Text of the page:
What is Chamomile?
Hi, I’m Annie Barn, the editor of the first web site dedicated to chamomile and its many uses in our lives today. Whether you already experienced the soothing benefits of chamomile while drinking a cup of herbal tea or are interested in essential oils or tinctures, this plant has much to teach us.
Medicinal or herbal chamomile includes two similar plants with the common name chamomile. Both belong to the aster family, but they are two separate genus.
Roman chamomile (Chamaemelum nobile) is native to Northern Ireland and northwestern Europe, while German chamomile (Matricaria recutita) is native to southern and eastern Europe. In addition, Roman chamomile is a perennial plant that returns each year, while German chamomile is an annual that dies off at the end of the season.
What is Chamomile Used For?
Chamomile has been used for medical, cosmetic and aesthetic reasons for thousands of years. The health benefits of chamomile have been revered since the ancient Greeks, Romans and Egyptians. The flower was used as an air freshener to mask odors or to perfume ceremonies and celebrations.
Chamomile essential oil is a staple in aromatherapy. It has also been used in the bath to add fragrance, soften skin and to reduce stress and induce relaxation. Infusions have been inhaled to clear sinuses and tea has been consumed for both its healing properties and for its flavor and aroma.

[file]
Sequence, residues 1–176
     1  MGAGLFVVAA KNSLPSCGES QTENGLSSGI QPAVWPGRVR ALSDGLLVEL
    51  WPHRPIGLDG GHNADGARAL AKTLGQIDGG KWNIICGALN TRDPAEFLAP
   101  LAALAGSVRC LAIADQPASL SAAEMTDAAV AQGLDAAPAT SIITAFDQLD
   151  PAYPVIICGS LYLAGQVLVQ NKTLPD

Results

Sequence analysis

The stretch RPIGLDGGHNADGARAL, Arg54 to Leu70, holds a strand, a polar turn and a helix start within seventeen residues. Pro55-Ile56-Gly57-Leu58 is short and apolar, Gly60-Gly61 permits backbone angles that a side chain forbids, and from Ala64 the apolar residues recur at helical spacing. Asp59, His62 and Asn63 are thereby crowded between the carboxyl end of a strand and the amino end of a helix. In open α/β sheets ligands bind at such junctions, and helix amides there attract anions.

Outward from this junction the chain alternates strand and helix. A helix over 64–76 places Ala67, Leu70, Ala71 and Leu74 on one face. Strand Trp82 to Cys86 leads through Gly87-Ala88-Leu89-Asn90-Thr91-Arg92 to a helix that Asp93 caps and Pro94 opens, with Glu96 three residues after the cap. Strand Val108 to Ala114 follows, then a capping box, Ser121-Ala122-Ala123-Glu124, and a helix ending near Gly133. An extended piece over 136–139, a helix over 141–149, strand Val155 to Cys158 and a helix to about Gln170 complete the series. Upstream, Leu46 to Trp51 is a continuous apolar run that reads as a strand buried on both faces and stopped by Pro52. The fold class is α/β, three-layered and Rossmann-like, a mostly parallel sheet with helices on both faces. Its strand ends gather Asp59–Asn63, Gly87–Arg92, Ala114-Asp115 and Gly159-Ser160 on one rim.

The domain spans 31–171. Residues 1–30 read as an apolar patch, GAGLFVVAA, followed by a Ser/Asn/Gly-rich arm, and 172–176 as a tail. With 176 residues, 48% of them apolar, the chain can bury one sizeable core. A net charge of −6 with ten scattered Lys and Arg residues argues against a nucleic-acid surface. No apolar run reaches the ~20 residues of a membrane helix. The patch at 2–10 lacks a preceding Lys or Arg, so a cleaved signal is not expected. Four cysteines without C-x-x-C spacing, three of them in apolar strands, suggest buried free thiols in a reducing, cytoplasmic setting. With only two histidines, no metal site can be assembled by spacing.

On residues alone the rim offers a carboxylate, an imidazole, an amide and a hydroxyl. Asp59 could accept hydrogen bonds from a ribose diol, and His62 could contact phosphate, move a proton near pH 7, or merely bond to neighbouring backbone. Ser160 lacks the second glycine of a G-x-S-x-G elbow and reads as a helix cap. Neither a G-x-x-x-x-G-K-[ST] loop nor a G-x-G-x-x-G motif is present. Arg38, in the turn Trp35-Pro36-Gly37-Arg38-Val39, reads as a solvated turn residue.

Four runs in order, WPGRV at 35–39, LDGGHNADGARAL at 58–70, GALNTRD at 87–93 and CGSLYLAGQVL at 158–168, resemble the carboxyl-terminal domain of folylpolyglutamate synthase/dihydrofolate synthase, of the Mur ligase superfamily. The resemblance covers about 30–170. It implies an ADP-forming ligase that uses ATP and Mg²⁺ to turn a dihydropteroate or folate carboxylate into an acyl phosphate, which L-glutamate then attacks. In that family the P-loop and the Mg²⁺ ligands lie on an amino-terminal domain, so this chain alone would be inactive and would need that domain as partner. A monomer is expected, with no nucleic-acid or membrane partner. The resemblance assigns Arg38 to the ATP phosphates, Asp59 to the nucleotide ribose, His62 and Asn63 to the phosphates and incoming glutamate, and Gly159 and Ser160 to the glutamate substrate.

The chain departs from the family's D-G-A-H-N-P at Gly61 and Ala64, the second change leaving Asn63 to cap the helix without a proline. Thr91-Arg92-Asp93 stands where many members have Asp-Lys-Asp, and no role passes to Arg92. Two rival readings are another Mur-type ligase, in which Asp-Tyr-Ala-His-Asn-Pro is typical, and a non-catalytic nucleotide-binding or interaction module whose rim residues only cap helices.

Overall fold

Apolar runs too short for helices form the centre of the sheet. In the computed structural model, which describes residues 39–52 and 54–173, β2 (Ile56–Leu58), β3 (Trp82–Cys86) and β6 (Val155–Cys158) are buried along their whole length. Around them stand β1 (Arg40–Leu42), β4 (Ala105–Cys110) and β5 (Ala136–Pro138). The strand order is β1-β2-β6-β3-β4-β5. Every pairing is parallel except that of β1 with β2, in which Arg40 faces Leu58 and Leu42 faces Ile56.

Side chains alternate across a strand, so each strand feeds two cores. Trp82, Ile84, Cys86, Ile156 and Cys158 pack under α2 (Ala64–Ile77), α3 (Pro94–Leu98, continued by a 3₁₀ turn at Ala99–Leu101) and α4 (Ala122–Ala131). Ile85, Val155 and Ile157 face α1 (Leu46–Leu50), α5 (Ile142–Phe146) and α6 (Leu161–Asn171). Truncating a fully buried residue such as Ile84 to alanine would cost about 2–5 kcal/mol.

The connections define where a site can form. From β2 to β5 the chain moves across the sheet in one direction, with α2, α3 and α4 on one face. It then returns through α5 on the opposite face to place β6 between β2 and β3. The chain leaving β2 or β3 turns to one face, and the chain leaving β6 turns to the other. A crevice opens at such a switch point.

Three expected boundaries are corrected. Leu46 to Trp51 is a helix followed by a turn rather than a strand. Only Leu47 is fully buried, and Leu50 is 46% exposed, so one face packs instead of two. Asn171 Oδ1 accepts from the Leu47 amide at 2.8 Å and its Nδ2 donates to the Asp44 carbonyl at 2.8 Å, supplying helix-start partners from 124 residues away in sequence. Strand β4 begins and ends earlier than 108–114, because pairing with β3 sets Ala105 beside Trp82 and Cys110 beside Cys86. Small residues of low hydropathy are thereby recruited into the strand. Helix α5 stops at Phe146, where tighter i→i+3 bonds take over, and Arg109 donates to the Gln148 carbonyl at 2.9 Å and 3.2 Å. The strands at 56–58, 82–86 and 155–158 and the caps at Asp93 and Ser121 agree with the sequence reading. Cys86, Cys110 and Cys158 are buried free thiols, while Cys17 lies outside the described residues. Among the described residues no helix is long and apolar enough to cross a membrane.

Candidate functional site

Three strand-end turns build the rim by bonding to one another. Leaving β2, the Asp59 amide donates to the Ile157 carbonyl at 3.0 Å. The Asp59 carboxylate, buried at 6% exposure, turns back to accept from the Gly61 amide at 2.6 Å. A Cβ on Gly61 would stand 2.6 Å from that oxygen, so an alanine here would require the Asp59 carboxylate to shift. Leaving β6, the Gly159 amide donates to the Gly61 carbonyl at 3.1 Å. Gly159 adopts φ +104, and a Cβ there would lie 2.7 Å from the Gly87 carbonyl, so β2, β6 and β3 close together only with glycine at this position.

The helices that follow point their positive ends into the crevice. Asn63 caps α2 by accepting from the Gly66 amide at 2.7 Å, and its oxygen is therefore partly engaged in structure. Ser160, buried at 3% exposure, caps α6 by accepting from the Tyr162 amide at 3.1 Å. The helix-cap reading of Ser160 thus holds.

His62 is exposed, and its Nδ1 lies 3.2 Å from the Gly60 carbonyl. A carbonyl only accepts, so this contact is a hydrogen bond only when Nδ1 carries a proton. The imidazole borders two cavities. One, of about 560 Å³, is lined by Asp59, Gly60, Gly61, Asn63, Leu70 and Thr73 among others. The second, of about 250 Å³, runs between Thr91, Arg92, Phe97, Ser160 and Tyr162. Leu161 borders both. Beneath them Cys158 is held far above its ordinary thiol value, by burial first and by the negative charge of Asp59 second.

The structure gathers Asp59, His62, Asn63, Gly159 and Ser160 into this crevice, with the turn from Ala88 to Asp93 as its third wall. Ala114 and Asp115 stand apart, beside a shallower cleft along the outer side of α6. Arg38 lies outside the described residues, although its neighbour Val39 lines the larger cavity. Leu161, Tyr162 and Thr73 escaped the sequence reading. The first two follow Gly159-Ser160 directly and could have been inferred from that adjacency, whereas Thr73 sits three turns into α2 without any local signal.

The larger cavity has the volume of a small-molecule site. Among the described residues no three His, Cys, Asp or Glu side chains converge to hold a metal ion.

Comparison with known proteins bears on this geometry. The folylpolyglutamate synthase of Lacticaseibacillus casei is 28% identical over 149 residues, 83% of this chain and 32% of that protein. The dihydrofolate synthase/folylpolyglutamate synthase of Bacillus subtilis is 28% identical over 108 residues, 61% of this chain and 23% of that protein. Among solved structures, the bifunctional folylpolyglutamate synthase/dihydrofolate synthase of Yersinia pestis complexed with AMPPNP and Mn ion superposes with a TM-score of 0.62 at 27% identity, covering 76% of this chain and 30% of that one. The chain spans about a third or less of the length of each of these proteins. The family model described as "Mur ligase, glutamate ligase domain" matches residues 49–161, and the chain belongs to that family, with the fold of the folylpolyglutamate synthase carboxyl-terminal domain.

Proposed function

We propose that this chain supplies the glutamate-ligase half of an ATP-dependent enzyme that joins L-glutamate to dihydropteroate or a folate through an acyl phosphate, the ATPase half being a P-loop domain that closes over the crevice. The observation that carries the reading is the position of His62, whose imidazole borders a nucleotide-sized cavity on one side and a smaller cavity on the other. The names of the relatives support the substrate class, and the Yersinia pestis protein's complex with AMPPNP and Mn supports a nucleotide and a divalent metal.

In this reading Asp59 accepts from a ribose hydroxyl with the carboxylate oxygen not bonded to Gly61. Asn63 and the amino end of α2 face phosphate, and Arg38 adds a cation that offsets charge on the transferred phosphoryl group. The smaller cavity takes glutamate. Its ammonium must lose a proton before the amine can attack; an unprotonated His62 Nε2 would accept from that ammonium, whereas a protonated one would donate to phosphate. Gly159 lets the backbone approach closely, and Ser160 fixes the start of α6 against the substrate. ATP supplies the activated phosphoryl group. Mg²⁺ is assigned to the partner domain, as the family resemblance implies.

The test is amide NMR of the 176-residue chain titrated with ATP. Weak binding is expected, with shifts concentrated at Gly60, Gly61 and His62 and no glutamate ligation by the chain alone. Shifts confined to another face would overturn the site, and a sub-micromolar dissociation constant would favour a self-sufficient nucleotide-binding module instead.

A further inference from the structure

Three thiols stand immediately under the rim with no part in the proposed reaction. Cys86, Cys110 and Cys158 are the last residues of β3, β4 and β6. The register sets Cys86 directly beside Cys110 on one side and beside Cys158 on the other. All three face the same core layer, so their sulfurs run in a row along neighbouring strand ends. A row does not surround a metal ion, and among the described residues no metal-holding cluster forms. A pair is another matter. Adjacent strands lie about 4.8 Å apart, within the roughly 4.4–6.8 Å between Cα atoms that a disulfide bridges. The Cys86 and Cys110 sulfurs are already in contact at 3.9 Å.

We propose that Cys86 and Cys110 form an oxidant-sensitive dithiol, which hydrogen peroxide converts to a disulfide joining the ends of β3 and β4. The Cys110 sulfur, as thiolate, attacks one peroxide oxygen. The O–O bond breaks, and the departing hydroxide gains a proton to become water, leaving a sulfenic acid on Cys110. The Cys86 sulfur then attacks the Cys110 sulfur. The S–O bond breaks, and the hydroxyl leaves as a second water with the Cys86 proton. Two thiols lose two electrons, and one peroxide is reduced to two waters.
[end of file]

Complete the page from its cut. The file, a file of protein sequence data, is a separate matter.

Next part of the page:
Chamomile tea has been used to treat female problems since ancient times and is thought to reduce menstrual cramps and regulate periods. It has antibiotic and anti-inflammatory properties, making it suitable for treating skin problems, cuts, abrasion and wounds.
How Do You Use Chamomile?
Chamomile can be used in a variety of ways.
- Fresh or dried chamomile can be used to make herbal teas or added to the bath to promote rest and relaxation at the end of a stressful day.
- Chamomile tea can be consumed to boost the immune system (or because it tastes good), as a gargle to soothe sore throats or treat gingivitis, as a rinse to brighten or lighten blonde hair, or as a tonic for the face to reduce the appearance of dark circles under the eyes and even out skin tones.
- Poultices made from ground chamomile and water can be applied to wounds or achy joints to relieve pain and speed healing.
- Inhaling the fumes of chamomile is thought to clear sinuses and ease the pain of ear infections.
Check out our chamomile tea recipes for more ideas on how to prepare delicious, healing herbal teas.
Where Can I Find Chamomile?
You can find fresh chamomile at produce stands and farmer’s markets, or you can grow your own in the garden. Many health food stores sell dried chamomile flowers for making tea or for adding to the bath or making a poultice.
You can also find chamomile tincture and chamomile capsules at health food stores or in the pharmacy. An assortment of commercial cosmetics such as antiseptic cream, lotion, shampoo and gel that contain chamomile can be found in the personal hygiene aisle. Candles and air fresheners containing chamomile extract are also available.
How Much Chamomile Should I Use?